12. Bob Wilson Says:

    #11 – LOL! You’d think from the YouTube videos we all hang out at the drag strips.

    The only way 5.8 g/km would make sense is if all the road dust remains on the road (never gets washed away by the rain) OR they just drive on dirt and gravel roads.

  13. Kit Gerhart Says:

    11 I just read the transcript, which is what I usually do.

  14. Kit Gerhart Says:

    One advantage the Atlas has over some of the competition is that it uses regular gas. The Atlas is 15% thirstier than the MDX mentioned in the show, but the MDX needs premium gas that is 30% more than regular in my area.

  15. Brian Says:

    6, 8, 10: Relax everyone. It should be 5.8mg/km. So, not 232 lbs per 12K miles, 0.232 lbs. . . .

  16. Bob Wilson Says:

    #15 – I only found out after reading their secondary source, https://uk-air.defra.gov.uk/assets/documents/reports/cat09/1907101151_20190709_Non_Exhaust_Emissions_typeset_Final.pdf.

    So the original Press Release might have been inaccurate when they claimed, “Press Release: Pollution From Tyre Wear 1,000 Times Worse Than Exhaust Emissions”

    My web link is to the original Press Release as posted in the transcript.

  17. Kit Gerhart Says:

    15. Yep, that makes more sense. The 5.8 grams/km did not make sense at all.

  18. merv Says:

    another great week of autoline thanks

  19. Larry D. Says:

    “Supertanker Prices Spike By Nearly 678% On Oil Market War And Storage Plays”

    https://www.forbes.com/sites/gauravsharma/2020/03/12/supertanker-prices-spike-by-nearly-678-as-oil-price-tanks/#fc552577e39e

    Where the ACTION IS, or how to become a billionaire while others lose trillions in their 401k.

    While all the sissies worry about the ridiculous virus, which is tiny in comparison to the AIDS epidemic in the 80s, the flu every year, AND the swine flu which killed 15,000+ with nobody noticing, the oil ‘war’ between Russia and the Saudis is the 800 lb gorilla in the living room.

    Trump deserves HUGE KUDOS for seizing the opportunity of dirt-cheap oil prices to fill our 700,000,000 barrel STRATEGIC PETROLEUM RESERVE, AND ALL OTHER NATIONS SHOULD FOLLOW HIS LEAD, IF THEY HAVE EVEN ONE OUNCE OF BRAINS.

    Sorry for the caps but this is H U G E.

  20. Larry D. Says:

    “…Brokerages say VLCC rates on the lucrative Middle East to China route jumped to a ballpark figure of $175,000 per day on Thursday (March 12), up from an average rate ex-Singapore of $22,500 per day recorded on February 3; an uptick of nearly 678% on the month…”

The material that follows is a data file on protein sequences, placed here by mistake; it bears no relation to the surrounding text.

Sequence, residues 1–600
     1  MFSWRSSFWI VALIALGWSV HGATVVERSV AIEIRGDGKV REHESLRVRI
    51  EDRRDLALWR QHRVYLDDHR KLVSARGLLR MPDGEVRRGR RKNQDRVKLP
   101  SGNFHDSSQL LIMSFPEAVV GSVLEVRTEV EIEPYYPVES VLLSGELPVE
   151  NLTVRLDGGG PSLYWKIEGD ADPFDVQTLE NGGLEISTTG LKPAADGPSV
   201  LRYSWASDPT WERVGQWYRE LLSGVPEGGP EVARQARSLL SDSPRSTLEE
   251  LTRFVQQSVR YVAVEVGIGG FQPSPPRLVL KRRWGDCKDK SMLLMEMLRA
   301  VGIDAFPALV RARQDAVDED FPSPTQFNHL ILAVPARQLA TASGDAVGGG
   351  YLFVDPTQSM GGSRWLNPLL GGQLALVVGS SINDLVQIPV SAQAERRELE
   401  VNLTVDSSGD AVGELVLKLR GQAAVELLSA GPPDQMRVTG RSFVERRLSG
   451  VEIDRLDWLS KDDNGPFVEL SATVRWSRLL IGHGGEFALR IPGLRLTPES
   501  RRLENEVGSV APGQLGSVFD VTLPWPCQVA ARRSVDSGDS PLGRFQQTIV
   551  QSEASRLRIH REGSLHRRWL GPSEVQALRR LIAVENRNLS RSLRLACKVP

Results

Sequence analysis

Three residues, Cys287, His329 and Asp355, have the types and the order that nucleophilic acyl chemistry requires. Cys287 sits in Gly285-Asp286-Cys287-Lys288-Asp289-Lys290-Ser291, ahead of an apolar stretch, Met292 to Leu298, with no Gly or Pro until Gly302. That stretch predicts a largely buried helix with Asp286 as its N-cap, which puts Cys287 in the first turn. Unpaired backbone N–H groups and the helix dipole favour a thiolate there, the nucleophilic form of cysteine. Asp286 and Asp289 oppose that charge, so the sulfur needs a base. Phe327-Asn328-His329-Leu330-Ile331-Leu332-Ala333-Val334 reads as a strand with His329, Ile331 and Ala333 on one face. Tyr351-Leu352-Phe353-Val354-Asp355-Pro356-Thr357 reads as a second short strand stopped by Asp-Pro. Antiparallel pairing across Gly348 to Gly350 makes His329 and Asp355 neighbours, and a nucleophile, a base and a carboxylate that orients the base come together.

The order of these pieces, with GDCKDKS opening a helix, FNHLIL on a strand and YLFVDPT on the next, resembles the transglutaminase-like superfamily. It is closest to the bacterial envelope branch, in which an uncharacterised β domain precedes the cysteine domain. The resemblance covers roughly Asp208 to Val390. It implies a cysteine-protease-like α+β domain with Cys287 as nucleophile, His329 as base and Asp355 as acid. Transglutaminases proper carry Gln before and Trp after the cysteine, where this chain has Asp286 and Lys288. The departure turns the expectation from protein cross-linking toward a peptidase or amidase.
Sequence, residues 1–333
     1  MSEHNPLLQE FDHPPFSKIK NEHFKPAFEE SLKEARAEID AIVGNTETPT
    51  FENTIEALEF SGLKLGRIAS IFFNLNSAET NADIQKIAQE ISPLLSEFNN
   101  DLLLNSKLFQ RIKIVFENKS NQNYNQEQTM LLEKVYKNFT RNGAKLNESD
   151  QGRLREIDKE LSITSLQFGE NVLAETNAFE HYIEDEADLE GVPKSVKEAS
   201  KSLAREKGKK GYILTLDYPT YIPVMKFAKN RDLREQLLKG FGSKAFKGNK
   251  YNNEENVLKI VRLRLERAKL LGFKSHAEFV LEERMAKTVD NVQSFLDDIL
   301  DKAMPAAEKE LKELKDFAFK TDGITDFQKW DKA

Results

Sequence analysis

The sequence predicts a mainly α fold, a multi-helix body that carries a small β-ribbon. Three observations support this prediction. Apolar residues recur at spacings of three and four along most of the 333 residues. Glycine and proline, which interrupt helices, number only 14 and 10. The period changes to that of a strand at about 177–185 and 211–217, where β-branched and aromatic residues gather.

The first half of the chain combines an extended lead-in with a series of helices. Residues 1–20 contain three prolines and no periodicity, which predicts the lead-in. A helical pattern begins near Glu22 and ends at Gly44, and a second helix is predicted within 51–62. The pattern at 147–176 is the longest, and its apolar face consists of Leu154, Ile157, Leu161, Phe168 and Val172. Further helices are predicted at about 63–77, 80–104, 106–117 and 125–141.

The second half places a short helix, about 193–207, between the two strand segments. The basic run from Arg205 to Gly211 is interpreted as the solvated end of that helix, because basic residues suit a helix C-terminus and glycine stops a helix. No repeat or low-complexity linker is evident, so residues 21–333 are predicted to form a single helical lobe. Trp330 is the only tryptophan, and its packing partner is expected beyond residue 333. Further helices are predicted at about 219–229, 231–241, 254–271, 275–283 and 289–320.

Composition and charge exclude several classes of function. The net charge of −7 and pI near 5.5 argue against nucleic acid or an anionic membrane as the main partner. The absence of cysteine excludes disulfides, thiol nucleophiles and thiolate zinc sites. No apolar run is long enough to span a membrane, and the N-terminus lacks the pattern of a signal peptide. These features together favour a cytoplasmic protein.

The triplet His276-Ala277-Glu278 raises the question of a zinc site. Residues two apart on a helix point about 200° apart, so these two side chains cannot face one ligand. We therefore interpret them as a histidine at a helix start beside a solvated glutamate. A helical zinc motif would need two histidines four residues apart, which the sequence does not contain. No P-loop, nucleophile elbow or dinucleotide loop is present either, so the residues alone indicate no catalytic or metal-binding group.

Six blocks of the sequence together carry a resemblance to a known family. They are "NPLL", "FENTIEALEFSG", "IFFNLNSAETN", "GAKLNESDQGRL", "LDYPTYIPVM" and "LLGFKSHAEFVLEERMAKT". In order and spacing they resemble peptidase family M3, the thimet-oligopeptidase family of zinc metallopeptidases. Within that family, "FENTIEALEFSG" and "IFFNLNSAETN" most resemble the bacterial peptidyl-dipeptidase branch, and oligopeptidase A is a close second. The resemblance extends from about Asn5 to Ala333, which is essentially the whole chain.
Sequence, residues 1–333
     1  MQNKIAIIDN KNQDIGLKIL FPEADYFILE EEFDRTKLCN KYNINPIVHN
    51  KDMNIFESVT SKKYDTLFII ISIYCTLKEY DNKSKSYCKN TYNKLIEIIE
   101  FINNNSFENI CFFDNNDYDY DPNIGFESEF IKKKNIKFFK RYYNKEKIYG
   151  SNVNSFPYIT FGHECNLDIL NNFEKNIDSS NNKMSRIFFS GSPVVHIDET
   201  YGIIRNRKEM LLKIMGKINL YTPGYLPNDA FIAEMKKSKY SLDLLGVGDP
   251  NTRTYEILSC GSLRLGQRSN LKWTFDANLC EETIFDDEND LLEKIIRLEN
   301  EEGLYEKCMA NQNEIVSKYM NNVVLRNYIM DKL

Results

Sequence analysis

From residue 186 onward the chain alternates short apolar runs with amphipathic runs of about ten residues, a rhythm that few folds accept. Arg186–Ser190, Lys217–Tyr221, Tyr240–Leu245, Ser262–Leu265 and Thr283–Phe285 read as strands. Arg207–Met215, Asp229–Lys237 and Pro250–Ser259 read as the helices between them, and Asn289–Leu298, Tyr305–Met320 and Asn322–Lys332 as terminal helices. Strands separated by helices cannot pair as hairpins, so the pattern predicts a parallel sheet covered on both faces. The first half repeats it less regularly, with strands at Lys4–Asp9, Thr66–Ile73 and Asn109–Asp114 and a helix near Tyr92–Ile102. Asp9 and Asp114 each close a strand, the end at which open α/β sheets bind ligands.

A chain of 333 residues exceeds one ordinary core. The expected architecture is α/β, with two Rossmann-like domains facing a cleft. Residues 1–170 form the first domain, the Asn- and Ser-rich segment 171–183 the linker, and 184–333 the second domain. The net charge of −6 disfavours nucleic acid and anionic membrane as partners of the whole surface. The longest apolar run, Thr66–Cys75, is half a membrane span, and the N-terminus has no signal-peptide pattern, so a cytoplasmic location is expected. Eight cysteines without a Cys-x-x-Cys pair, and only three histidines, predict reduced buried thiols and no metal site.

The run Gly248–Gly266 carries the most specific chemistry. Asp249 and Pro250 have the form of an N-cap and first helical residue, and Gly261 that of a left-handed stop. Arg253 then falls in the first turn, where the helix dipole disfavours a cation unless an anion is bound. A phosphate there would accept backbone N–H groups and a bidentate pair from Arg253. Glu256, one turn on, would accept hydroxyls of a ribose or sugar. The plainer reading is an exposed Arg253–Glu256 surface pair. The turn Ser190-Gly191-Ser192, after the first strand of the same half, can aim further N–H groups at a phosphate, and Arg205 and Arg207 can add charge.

That careless ‘journalist’ at Forbes, if you read the article, put the wrong title on it. It was NOT the “prices” but the FREIGHT RATES (short term) of these tankers that DID go up 678%. BIG difference.

  21. Larry D. Says:

    Re the ATLAS, while I sure hate the fake wood inside, I have seen a red one up close at our parking lot and it looks GREAT. What is wrong with a no-nonsense conservative, inoffensive design? COmpare it to the MDX and its silly flares and non-functional twists and turns. You really like the MDX better?

    I also see a Kia Telluride parked next to me at work all the time. This has been a very successful SALES wise, AS WELL as in “employee of the month” awards, and is less expensive and BETTER looking than its Hyundai Palisades twin.

  22. Larry D. Says:

    https://www.wardsauto.com/industry-voices/cracking-code-how-sell-more-evs?NL=WAW-04&Issue=WAW-04_20200313_WAW-04_981&sfvc4enews=42&cl=article_1&utm_rid=CPENT000009061197&utm_campaign=23907&utm_medium=email&elq2=43ef6f388abe45a6bac6365fc131c754&utm_source=28389

    In my Ward’s email, this article, I actually guessed it would be by John before I saw his name on it. Have not read it yet, but those who need to read it are the Bolt marketing people (and those of all the other non-Tesla BEV slow (dismally slow) sellers.

  23. Larry D. Says:

    22 Having read it, I sure do not fit in any of the categories, and there are MANY like me. We belong to the additional category of those who would buy a (non-compliance!) BEV for its BREATHTAKING PERFORMANCE.

  24. Kit Gerhart Says:

    23 I’d come closest to the group the survey calls “Young Enthusiasts,” even though I am old. The thing I’m curious about, though, regards 85% of car buyers in the U.S. being home owners. I’m pretty sure I would be part of that 85%, since I own my condo, but I don’t have a place to charge cars at home. What percentage of that 85% are people like me? I suspect accurate date on that would be hard to find.

  25. Larry D. Says:

    Bollinger Motors. This crude truck is supposed to sell for $125,000.

    One cannot avoid the obvious comparison, to the equally sharp-angled, simple styled, cheap to make Cybertruck, which will sell for ONE THIRD or even LESS than that, of the above, at $39,000.